Black tea is tea made of oxidized tea leaves. It is stronger than less oxidized teas such as green tea, white tea, and oolong. As with green, white, and oolong teas black tea comes from the small Camellia sinensis shrub. Among this species two principal varieties are used: the small Chinese variety of plant (C. sinensis subsp. sinensis), which is used for most non-black teas, and the large-leaved Assamese plant (C. sinensis subsp. assamica), which is predominantly used for black teas.
In Chinese, and in many neighboring countries, this type of tea is referred to as "red tea," a description of the color of tea water; "black tea" in Chinese typically refers to post-fermented teas, such as Pu-erh tea. In Western countries, "black tea" typically refers to the color of the oxidized leaves.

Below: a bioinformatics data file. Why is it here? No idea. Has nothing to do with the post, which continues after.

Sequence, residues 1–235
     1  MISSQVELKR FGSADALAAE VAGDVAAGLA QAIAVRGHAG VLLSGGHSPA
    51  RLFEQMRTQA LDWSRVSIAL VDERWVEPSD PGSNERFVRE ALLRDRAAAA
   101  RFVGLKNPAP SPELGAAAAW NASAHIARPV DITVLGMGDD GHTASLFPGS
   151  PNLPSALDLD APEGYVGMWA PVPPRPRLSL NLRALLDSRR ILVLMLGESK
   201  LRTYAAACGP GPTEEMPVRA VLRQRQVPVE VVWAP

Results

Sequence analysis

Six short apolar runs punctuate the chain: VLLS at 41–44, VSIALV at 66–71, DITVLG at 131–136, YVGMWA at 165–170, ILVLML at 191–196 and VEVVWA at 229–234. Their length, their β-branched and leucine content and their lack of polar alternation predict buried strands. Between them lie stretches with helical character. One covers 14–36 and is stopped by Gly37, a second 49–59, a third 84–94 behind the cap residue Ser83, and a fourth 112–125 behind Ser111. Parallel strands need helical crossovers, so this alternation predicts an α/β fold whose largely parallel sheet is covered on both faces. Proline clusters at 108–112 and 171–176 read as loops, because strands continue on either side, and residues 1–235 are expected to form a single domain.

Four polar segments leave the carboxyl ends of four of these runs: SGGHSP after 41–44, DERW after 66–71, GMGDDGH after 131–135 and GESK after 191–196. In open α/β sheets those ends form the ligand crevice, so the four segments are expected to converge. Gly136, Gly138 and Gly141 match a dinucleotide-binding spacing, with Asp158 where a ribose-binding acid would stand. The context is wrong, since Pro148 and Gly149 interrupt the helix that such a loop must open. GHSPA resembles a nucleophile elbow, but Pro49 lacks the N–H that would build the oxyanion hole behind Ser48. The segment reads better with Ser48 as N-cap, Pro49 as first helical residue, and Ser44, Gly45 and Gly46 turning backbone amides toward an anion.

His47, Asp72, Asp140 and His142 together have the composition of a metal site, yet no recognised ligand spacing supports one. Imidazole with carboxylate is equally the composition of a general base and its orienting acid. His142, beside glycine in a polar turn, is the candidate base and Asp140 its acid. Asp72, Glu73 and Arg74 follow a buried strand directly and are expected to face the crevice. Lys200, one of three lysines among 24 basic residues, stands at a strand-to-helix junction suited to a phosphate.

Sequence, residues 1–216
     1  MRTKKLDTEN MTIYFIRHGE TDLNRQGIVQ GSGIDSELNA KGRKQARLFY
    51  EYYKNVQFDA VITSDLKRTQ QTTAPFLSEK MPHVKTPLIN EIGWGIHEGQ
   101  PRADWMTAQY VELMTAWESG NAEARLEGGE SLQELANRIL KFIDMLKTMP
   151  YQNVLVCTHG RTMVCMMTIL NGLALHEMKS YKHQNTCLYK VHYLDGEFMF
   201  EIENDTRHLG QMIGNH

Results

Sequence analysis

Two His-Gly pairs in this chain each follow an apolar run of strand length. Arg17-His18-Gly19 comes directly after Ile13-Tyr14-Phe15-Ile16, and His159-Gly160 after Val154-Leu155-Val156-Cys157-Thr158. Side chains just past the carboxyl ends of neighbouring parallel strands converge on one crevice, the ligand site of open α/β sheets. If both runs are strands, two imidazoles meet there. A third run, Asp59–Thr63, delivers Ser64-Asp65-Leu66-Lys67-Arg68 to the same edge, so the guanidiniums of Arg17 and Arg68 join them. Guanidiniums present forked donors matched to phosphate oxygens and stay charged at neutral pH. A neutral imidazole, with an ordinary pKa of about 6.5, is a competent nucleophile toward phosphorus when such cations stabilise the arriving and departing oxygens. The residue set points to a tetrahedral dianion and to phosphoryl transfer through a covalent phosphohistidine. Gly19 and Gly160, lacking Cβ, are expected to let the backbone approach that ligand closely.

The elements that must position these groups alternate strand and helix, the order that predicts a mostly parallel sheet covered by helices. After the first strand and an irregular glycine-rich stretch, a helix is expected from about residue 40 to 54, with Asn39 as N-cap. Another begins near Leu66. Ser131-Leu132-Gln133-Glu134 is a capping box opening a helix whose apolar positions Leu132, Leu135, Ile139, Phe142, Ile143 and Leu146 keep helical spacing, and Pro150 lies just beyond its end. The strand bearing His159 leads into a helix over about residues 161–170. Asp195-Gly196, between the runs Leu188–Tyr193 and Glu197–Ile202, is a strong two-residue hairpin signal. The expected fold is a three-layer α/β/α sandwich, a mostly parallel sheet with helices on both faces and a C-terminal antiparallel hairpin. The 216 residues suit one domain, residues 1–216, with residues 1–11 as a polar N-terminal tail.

Unlike green tea which loses its flavor in less than a year, black tea retains its flavor for several years and as such has long been used in trade and had even been used as currency. Black tea is the most widely sold tea in the World accounting for over 90% of all tea sold.
Unblended black tea varieties are typically named after the region in which they are grown. Commonly recognized black teas include Ceylon, Darjeeling, and Assam. Black tea is often blended with other plants or oil to create a tasty beverage. For example, black tea is combined with bergamot oil to create Earl Grey.